Once I was done with the transmission, I did a quick oil change and wiped up afterward. The guys were still working when I left. I stopped and grabbed a burger before cleaning up and getting ready to lay some ink at the tat shop.

The rest of my night was spent at The Blind Tiger. I tatted a simple butterfly on some chick for her twenty-first birthday. She was cute with black hair and blue eyes, and she spent most of the night hitting on me and giggling with her little blond friend, who just so happened to remind me of Nicole.

Needless to say, I was happy to see them leave. After the butterfly, I cleaned my station and hung out with the guys. Weeknights were sometimes slow that way. I ended up strolling into my apartment at eleven at night, and instead of grabbing a beer, I showered and went straight to bed.

The nightmares were bad that night. There were hands all over my body—touching and exploring—burning my young flesh with the tips of cigarettes while my father watched and got high. I screamed so hard my neck ached from the strain.

I dreamed of Needles and his tattooed fingers. He was everywhere, pushing my body past the brink while I was tied up and couldn’t escape.

I begged for mercy until a tattooed hand covered my mouth, muting my screams and cutting off my oxygen. I was defenseless as my body was probed hard—stretching skin that wasn’t meant to stretch until it bled—and hurting me until I became weak from the pain and lack of oxygen and passed out.

Then I was standing across the room from Nicole—her fear-filled blue eyes on me, begging me to save her. A group of guys attacked her—touching her the way I’d been touched—burning her flawless skin and making her as black on the inside as I was. I fought to get to her, but sticky shadows with tight grips held me away from her as her light slowly flickered and faded.

Suddenly, she was before me—her eyes red-rimmed and her jaw slack. She was high—stoned from the same toxic mixture that I’d used to kill my father. I placed my hands on her cheeks to comfort her, but every time I touched her, I sucked the life from her eyes. I tried to keep my hands off her, but I couldn’t control myself. The more I touched her, the more the life left her body, until she wasn’t breathing anymore and she fell to the floor in a lifeless heap.

I sat up in bed with a gasp. The sheets clung to my body, and I peeled them away to let the cool air soothe my overheated skin. The nightmare had been terrible, but I knew it was a sign. Fate was telling me I was doing the right thing by staying away from Nicole. Otherwise, I’d kill her with my sin and black touch.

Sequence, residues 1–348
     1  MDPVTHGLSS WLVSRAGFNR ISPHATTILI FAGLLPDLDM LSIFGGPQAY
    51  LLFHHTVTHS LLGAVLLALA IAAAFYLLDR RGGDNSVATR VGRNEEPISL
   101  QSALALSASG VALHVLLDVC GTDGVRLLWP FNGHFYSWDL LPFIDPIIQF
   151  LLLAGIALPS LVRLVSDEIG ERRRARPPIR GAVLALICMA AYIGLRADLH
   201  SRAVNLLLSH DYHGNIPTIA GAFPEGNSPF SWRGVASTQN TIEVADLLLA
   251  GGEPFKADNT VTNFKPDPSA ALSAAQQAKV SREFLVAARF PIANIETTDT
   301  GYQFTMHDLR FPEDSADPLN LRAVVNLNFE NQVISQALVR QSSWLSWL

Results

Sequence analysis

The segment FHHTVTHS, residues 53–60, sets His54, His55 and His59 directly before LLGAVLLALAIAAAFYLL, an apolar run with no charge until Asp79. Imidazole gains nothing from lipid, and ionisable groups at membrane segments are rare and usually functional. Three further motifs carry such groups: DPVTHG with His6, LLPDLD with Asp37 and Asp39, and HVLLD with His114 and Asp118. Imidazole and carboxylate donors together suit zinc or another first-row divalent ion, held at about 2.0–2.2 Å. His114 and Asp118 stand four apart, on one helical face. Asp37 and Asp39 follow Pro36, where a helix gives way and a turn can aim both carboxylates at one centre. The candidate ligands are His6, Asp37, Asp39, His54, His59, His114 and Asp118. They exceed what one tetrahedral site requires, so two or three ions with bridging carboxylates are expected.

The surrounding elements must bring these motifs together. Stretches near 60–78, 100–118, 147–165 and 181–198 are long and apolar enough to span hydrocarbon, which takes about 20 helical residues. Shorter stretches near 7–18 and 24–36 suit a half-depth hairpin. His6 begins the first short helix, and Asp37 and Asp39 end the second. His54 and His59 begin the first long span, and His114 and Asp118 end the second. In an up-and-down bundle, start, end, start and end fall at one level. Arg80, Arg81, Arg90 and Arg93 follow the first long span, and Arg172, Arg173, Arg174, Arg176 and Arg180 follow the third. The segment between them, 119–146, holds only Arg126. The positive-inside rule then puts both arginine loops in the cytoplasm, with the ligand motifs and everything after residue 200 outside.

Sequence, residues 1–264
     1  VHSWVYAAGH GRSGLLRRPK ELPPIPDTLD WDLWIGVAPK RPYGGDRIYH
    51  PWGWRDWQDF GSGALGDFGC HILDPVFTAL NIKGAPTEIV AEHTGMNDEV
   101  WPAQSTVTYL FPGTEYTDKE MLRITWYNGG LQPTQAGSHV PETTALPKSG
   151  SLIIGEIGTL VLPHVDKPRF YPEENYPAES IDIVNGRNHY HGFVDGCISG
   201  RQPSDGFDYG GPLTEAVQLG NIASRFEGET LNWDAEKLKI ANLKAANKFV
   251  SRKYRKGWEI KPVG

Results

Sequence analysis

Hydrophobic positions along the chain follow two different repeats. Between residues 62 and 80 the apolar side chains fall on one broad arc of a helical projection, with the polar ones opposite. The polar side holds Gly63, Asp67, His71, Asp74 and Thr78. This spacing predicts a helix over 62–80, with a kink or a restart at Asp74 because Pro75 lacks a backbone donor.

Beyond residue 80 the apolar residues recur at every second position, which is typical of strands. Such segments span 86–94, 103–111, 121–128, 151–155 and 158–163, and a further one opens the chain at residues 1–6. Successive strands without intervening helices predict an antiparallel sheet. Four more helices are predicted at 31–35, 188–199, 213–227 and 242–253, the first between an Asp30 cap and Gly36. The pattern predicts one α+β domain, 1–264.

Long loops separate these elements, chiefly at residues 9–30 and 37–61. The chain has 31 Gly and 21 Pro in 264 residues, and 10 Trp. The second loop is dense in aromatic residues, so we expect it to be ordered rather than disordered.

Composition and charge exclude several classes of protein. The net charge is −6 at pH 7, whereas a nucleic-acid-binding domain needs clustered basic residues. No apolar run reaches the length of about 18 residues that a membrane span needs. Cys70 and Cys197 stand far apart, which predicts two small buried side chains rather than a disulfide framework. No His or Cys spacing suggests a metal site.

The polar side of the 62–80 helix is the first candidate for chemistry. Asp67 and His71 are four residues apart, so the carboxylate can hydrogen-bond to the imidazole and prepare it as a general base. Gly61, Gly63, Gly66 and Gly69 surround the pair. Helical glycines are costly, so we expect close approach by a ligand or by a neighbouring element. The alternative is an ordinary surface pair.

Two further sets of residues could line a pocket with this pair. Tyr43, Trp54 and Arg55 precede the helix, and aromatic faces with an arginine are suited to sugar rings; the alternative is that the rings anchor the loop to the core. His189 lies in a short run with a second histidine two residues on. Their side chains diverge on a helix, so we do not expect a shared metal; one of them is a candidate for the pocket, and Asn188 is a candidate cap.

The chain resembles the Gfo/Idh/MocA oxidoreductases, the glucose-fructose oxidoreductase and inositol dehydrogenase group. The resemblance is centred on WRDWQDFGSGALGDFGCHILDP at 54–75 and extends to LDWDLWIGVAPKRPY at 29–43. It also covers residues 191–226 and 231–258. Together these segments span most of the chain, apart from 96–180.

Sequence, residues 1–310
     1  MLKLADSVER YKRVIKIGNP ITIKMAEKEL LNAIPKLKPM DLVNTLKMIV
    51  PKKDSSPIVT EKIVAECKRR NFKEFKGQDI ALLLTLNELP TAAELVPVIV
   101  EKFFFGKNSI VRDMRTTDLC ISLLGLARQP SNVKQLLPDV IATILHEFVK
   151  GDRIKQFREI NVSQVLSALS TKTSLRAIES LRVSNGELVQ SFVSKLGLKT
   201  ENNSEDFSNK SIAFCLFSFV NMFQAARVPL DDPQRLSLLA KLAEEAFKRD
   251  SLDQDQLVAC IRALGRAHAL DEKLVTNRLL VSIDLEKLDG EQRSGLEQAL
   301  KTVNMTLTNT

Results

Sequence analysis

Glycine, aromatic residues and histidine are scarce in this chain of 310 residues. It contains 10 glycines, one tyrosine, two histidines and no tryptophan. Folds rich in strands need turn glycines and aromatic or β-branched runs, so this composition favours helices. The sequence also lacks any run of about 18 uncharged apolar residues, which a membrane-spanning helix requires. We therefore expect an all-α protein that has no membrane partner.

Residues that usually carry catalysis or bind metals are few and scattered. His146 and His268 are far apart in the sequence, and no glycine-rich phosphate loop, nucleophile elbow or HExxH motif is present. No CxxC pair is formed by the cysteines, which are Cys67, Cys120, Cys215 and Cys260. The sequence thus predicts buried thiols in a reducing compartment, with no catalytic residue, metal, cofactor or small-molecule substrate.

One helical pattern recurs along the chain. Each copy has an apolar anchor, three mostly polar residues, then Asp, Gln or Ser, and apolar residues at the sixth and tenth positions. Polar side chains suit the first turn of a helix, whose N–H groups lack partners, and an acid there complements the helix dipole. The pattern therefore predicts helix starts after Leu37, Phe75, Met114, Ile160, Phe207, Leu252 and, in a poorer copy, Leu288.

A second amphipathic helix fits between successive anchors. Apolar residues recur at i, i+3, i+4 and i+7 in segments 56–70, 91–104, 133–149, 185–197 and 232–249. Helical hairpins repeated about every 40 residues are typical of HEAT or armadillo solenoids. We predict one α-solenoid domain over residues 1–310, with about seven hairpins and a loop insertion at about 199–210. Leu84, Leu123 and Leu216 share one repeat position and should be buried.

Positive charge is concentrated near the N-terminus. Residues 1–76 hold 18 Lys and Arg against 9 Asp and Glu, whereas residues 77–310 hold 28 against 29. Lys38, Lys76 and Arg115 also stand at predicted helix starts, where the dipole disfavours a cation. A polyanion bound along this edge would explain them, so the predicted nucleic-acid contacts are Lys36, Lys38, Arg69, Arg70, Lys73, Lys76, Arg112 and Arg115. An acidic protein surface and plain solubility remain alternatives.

tons of family time. I was a part of the Palmer’s family; at least, they treated me as such. And being in a family was super important to me, which meant I wasn’t going to miss any of the festivities … even though I wasn’t a very festive guy.

Mrs. Palmer went out of her way to make sure everything was perfect. The least I could do was show up with a smile on my face. I’d wanted a family for the first twelve years of my life, so I wasn’t about to take my good luck for granted because of a little issue with Nicole.

Okay … a big issue with Nicole.

I’d told myself I’d stay away unless I absolutely needed to be around her and that meant holidays. Although she made it super easy for me since she went out of her way to stay away from me.

Something had happened the night she came to my apartment, but I was too drunk to remember and too prideful to ask. All I knew was, whatever it was, she’d changed toward me. She’d been changing toward me since the day in her room before she left for school.

I should’ve been happy about her shift in attitude. It was difficult to act normal when every time I looked across the room, she was looking back at me with a longing in her eyes I understood all too well.

But the truth was I hated the distance she put between us, even if I knew it was the right thing—the easy thing—the best thing.

If the family noticed, they didn’t say anything about it. We decorated the tree as a family the day before Christmas Eve, and since I was the tallest one in the house, they always designated me to attach the topper.